Establishing the deep geopolitical and religious context of Melanchthon’s early life, the volume then follows Melanchthon to the great halls of humanist learning at Heidelberg and Tübingen, where his studies and teaching career began and his faith was richly fostered. The pivotal moment comes in his appointment to the chair of Greek in Wittenberg where Melanchthon became a great ally and supporter of Martin Luther.

Melanchthon’s role as key player in the advocacy for reform expanded through his involvement in the Leipzig Disputation, his visible representation of the evangelical cause in Wittenberg during Luther’s absence at Worms and the Wartburg, and his struggle with the radical wing. The volume closes by looking ahead to Melanchthon’s contribution to the Augsburg Confession of 1530.

What would it be like to have been Martin Luther’s closest theological companion in the birth years of the Protestant Reformation? Greg Graybill answers this question in his deeply researched post-Oxford-doctoral work written (and illustrated) from Philipp Melanchthon’s own personal homes in Germany. Welcome to the heart and mind of the Reformation! I warmly recommend this engaging study.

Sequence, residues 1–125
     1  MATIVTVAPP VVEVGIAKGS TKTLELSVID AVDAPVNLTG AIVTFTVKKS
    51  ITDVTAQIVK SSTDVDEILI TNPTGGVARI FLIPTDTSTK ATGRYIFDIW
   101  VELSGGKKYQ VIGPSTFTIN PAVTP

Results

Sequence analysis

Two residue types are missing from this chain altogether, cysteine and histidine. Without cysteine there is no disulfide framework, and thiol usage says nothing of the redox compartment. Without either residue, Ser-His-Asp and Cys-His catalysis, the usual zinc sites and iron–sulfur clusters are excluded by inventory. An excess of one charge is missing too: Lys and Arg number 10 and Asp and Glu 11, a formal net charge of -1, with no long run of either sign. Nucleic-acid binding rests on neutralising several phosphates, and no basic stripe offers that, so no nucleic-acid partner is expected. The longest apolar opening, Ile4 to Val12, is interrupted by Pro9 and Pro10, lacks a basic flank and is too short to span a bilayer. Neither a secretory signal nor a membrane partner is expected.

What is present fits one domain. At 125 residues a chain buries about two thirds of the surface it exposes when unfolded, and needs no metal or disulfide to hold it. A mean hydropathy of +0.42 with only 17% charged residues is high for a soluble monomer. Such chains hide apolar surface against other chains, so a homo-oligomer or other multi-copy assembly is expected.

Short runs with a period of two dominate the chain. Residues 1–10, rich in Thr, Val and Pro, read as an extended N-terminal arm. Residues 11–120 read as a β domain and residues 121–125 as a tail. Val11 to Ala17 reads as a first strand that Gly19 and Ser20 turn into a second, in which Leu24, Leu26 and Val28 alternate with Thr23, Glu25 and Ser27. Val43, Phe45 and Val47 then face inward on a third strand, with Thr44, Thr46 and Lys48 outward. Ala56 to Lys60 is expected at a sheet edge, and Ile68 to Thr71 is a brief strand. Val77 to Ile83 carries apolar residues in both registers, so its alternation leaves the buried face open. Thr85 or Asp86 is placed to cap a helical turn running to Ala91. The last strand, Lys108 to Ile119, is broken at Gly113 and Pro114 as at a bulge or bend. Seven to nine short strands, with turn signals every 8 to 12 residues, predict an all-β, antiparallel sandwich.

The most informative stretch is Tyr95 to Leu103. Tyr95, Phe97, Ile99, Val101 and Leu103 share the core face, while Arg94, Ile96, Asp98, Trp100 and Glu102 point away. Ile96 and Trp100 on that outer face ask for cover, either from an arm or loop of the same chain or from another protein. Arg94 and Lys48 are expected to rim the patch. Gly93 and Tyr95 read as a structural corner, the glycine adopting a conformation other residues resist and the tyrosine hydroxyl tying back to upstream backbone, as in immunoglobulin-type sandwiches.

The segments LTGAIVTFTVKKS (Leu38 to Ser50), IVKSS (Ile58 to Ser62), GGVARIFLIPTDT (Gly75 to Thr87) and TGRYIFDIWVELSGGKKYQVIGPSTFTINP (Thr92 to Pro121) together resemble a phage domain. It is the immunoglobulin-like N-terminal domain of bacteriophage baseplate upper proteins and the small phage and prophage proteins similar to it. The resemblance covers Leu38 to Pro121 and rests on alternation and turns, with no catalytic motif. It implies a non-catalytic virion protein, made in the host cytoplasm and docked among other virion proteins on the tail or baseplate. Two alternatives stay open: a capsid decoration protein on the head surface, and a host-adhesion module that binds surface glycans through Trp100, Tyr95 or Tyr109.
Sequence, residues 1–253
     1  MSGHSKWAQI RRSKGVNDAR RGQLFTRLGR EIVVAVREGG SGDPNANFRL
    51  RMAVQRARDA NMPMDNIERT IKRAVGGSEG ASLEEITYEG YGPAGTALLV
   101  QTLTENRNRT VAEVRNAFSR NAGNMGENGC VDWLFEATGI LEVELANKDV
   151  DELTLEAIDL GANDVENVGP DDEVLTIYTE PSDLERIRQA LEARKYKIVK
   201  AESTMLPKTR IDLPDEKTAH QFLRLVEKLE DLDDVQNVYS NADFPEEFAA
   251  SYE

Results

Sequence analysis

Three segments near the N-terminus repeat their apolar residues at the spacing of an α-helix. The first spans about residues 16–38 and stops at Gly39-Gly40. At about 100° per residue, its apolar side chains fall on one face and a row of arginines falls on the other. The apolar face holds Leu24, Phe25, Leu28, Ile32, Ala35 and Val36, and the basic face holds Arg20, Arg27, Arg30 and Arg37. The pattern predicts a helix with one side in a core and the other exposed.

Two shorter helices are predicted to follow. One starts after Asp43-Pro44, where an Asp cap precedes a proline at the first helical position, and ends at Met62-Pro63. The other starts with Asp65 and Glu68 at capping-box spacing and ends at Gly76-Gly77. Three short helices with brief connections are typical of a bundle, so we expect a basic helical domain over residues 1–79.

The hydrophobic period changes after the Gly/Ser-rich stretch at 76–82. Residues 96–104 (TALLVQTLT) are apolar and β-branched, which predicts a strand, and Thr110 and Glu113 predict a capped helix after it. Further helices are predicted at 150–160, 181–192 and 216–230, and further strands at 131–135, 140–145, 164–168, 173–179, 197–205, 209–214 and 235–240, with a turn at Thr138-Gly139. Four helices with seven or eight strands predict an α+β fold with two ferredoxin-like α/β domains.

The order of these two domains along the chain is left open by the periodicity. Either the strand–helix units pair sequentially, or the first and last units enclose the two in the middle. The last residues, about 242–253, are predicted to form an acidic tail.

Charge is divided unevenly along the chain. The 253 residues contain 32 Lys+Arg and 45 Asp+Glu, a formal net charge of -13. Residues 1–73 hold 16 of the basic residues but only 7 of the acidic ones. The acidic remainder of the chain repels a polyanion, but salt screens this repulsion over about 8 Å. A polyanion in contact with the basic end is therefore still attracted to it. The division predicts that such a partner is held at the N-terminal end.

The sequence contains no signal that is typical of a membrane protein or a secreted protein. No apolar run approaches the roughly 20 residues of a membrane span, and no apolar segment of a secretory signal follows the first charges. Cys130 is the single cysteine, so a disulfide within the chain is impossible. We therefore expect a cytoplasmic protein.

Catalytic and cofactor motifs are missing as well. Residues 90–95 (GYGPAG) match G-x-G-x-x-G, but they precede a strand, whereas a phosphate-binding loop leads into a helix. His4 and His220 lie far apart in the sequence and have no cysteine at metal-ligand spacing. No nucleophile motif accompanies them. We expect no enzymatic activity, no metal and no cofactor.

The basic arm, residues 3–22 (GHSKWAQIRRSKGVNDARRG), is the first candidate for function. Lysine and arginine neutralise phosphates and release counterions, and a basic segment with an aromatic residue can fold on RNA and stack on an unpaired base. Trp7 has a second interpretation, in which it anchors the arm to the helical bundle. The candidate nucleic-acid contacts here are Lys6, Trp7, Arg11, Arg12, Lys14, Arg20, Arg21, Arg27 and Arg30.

—Frederick Dale Bruner, George and Lyda Wasson Professor of Religion Emeritus, Whitworth University

Gregory B. Graybill is senior pastor at the First United Presbyterian Church of Moline, Illinois. He earned a DPhil at the University of Oxford and is author of Evangelical Free Will: Philipp Melanchthon’s Doctrinal Journey on the Origins of Faith. He is collaborator on Philippians, Colossians in the Reformation Commentary on Scripture series.

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Martin Brecht’s Martin Luther (3 vols.)

  • Author: Martin Brecht
  • Translator: James L. Schaaf
  • Publisher: Fortress Press
  • Volumes: 3
  • Pages: 1,661

Sample Pages: 1 | 2 | 3 | 4 | 5 | 6 | 7

Discover the life and influence of Martin Luther in one of the most extensive biographies ever written about him. Martin Brecht walks you through Luther’s life starting with his childhood and education, all the way through to his life after the Reformation. A work of immense and engaging scholarship, gracefully translated by James Schaaf, these volumes offer comprehensive and original interpretations of Luther’s life, both public and private, and his lasting impact on the world.

Titles Included:

  • Martin Luther, Volume 1: His Road to Reformation, 1483-1521